clear
Thursday May 26th, 2016 6:37PM

Changes sought in Endangered Species Act

By The Associated Press
BILLINGS, Mont. (AP) -- Republicans in Congress on Tuesday called for an overhaul to the Endangered Species Act to curtail environmentalists' lawsuits and give more power to states, but experts say broad changes to one of the nation's cornerstone environmental laws are unlikely given the pervasive partisan divide in Washington, D.C.

A group of 13 GOP lawmakers representing states across the U.S. released a report proposing "targeted reforms" for the 40-year-old federal law, which protects imperiled plants and animals.

Proponents credit the law with staving off extinction for hundreds of species - from the bald eagle and American alligator to the gray whale. But critics contend the law has been abused by environmental groups seeking to restrict development in the name of species protection.

Led by Rep. Cynthia Lummis of Wyoming and Rep. Doc Hastings of Washington state, who chairs the House Natural Resources Committee, the Republicans want to amend the law to limit litigation from wildlife advocates that has resulted in protections for some species. And they want to give states more authority over imperiled species that fall within their borders.

Also among the recommendations are increased scientific transparency, more accurate economic impact studies and safeguards for private landowners.

The Republicans said only 2 percent of protected species have been recovered despite billions of dollars in federal and state spending.

"The biggest problem is that the Endangered Species Act is not recovering species," said Hastings. "The way the act was written, there is more of an effort to list (species as endangered or threatened) than to delist."

The political hurdles for an overhaul are considerable. The Endangered Species Act enjoys fervent support among many environmentalists, whose Democratic allies on Capitol Hill have thwarted past proposals for change.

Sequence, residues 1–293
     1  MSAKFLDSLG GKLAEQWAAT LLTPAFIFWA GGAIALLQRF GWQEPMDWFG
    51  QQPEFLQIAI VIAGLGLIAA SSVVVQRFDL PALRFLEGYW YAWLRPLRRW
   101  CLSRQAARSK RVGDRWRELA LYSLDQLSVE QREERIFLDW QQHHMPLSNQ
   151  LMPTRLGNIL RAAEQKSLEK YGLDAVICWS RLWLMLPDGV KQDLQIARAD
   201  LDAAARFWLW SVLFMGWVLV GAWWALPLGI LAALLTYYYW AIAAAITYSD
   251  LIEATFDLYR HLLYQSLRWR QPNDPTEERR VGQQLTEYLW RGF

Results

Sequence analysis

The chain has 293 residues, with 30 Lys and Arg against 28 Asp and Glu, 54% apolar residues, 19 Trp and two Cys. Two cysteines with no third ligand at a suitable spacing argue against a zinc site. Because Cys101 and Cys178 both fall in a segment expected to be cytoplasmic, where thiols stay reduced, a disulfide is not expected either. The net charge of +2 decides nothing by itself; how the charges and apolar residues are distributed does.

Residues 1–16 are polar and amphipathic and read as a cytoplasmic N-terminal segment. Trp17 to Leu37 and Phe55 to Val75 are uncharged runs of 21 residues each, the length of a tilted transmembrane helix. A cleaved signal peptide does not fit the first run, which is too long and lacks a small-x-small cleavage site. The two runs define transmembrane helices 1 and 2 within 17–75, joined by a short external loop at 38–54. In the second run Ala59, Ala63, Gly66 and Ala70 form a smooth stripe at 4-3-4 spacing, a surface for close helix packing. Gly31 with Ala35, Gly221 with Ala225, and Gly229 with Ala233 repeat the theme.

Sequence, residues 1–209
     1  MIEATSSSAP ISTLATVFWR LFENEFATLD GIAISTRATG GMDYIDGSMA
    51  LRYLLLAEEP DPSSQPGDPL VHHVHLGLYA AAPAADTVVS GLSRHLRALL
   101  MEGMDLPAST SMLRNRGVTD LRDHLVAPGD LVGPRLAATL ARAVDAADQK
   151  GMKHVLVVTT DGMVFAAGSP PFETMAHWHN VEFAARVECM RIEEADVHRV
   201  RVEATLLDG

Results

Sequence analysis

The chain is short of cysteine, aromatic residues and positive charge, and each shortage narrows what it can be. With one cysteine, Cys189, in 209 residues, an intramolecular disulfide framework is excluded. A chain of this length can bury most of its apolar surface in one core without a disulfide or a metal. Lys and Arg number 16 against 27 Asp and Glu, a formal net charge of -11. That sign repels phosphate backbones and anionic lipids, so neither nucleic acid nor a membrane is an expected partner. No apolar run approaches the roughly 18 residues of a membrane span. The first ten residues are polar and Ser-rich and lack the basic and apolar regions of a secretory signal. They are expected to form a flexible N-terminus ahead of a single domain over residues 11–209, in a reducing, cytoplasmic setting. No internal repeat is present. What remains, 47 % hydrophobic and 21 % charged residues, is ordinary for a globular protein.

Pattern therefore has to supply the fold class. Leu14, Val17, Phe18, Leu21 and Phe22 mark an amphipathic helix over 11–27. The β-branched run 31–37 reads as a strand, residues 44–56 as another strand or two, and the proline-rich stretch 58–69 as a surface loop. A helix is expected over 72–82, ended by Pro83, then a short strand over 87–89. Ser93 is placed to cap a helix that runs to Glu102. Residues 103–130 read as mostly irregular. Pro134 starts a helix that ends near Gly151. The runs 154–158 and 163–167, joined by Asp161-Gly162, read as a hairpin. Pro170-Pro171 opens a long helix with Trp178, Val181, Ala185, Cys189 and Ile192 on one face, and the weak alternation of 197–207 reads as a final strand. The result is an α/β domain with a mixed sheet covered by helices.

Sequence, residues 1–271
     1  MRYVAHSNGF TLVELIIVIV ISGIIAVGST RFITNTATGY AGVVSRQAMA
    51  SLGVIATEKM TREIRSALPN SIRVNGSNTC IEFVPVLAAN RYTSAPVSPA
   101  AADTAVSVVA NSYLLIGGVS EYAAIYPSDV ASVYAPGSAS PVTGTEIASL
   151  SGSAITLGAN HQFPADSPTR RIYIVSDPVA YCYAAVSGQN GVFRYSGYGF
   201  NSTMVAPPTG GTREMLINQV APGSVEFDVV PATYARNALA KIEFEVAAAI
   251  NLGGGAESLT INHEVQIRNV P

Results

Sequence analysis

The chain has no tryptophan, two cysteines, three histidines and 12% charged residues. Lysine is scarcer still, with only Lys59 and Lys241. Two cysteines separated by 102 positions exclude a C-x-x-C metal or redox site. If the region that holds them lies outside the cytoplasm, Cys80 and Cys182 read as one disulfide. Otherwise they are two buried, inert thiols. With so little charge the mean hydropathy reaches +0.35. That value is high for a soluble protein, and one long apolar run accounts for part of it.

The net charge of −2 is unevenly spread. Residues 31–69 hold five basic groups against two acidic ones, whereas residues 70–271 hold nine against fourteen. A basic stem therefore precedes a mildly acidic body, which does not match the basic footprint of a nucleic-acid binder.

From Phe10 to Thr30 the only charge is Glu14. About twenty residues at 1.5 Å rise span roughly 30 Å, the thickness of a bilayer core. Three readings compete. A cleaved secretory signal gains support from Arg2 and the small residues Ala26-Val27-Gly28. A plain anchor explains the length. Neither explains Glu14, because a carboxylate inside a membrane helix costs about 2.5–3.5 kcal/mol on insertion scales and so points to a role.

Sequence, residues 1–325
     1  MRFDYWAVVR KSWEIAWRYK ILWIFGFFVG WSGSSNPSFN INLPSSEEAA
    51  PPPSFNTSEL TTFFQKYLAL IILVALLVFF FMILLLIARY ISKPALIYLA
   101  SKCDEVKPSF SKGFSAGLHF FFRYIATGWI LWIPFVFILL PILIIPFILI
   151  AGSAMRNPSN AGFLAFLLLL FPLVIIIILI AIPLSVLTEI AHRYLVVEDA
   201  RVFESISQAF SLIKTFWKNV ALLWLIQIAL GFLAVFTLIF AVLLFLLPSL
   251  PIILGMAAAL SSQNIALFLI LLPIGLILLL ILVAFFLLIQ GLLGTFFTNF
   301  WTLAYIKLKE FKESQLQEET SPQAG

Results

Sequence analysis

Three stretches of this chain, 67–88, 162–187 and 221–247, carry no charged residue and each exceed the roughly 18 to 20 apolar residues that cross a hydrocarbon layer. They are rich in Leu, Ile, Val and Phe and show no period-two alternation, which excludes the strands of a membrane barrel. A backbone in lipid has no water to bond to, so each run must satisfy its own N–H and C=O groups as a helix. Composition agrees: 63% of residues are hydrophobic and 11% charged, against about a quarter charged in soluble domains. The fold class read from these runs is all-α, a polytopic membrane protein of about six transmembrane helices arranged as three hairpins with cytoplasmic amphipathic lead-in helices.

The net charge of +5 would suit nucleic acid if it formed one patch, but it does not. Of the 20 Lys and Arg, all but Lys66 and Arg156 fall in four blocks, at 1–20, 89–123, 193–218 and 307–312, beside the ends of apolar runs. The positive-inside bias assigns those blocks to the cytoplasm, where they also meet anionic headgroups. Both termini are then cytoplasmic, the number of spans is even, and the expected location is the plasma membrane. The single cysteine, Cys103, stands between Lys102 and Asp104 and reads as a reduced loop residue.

Federal wildlife officials said they had not yet seen the report from Hastings' group and would not comment until they have a chance to review it, said Chris Tollefson, press secretary for the U.S. Fish and Wildlife Service.

Signed into law by President Richard Nixon in December 1973, the act has resulted in additional protections for more than 1,500 plants, insects, mammals, birds, reptiles and other creatures, according to the Fish and Wildlife Service.

Throughout its history, the law has faced criticism from business interests, Republicans and others. They argue actions taken to shield at-risk species such as the northern spotted owl have severely hampered logging and other economic development.

Those complaints grew louder in recent months after federal wildlife officials agreed to consider protections for more than 250 additional species under settlement terms in lawsuits brought by environmental groups.

Included in the settlement was the greater sage grouse, a chicken-sized bird that has been in decline across large portions of its 11-state Western range. A final decision on whether to protect sage grouse is due next year and could result in wide-ranging restrictions on oil and gas development, agriculture and other economic activity.

The endangered act was last amended in the 1980s. Given the current level of rancor between Democrats and Republicans, academics who track the law were skeptical that the latest calls for change would succeed.

"Both sides have enough power to prevent something happening that they don't like. But nobody has enough power to pass anything," said Dale Goble, an expert on the act who works as a law professor at the University of Idaho.